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UCI Center for Critical Korean Studies Hosts Erika Hayasaki to Discuss Her New Book ‘Somewhere Sisters’

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Award-winning journalist and UCI associate professor of literary journalism Erika Hayasaki discussed her new book, “Somewhere Sisters: A Story of Adoption, Migration, and the Meaning of Family,” at Humanities Gateway on Nov 2. She discussed her process of researching, reconstructing and interviewing. The book is about twin girls who were separated at birth from Việt Nam and later reunited.

Professor of anthropology Eleana Kim moderated the discussion with Hayasaki. She wrote about similar topics in her book “Adopted Territory: Transnational Korean Adoptees and the Politics of Belonging,” which discusses transnational adoption, when a child from a different country and ethnic group than the adoptive parent(s) is taken in. 

To start, Hayasaki explained her approach when reporting for the project as a literary journalist. As a mother of twins, Hayasaki became interested in twin studies, and she connected with a twin researcher at Cal State Fullerton where she was able to meet the identical twins Isabella Louise Solimene and Hà Nguyễn. She also met the non-biological sister, Oliva Claire Solimene, who is also from Việt Nam. Olivia was adopted at the same orphanage as Isabella, and they were both raised together in Illinois by their new parents, while Hà was adopted in Việt Nam by their biological aunt.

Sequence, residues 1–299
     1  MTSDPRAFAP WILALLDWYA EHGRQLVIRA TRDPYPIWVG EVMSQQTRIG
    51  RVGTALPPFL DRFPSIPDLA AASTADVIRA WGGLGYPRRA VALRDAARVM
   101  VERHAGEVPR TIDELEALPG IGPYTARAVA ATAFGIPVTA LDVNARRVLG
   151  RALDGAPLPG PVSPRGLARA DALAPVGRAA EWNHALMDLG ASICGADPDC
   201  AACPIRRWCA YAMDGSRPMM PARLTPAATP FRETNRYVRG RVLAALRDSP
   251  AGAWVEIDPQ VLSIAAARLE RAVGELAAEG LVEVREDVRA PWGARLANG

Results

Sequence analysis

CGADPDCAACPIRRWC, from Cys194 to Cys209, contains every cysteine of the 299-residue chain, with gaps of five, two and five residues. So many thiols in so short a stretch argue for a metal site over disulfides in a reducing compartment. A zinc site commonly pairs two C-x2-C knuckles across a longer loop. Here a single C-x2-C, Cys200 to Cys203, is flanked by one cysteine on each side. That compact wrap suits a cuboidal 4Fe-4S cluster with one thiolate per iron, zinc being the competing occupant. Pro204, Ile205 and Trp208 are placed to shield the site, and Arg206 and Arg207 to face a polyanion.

In regards to Haysaki’s book, Kim said, “It is a page turner. I read it all practically in one sitting. And part of that reason is because adoption is inherently dramatic, even melodramatic.”

Kim then asked about the nature of Hayasaki’s conversations with adoptee groups concerning the book. Hayasaki said that she had to identify the power dynamics in the story. 

“Initially, I had all of this material, and thinking about the voices represented, I had to think who had power in this story, and who had the least power. I have a lot of power as a writer, so I had to elevate the voices who were not at the top of this hierarchy like the adoptive mother,” Hayasaki said.

Kim remarked that Keelie, the adoptive mother who raised Isabella and Olivia, was controversial and an interesting character. Keelie thought Hà would fulfill a gaping hole in Isabella’s life. However, Hayasaki pointed out that adoption reunification is not a fairytale, and as a result, she included the sisters’ pain and conflict regarding the reunion. Hayasaki received pushback from Keelie but stressed the importance of letting subjects speak their mind.

The event then opened up to a Q&A. One participant — who was adopted herself and attempted to write a memoir about her experience — asked how Hayasaki chose which perspectives to emphasize. Hayasaski responded with an example of a scene in which she chose Ha’s perspective over Keelie’s. 

Haysaki refers to a scene in her book when Hà was at home in Việt Nam. One day, a woman came to her doorstep and told Hà that her twin sister Isabella was in America. The woman asked Hà to move to the U.S. with her and meet Isabella. The woman was Keelie. 

When interviewed, Keelie thought the meeting went well, but Hà privately told Hayasaki that she was distrustful of Keelie, and she felt reluctant to leave. Hà’s voice as the adopted child revealed that reunion can be uncomfortable and possibly painful, which was something Keelie did not say. Since Keelie simplified adoption to seem optimistic without any drawbacks, Hayasaki decided to emphasize Ha’s perspective in that scene. 

More information about Hayasaki and her book “Somewhere Sisters” can be found here

Alisa Chul Lee is a Campus News staff writer. She can be reached at alisacl@uci.edu.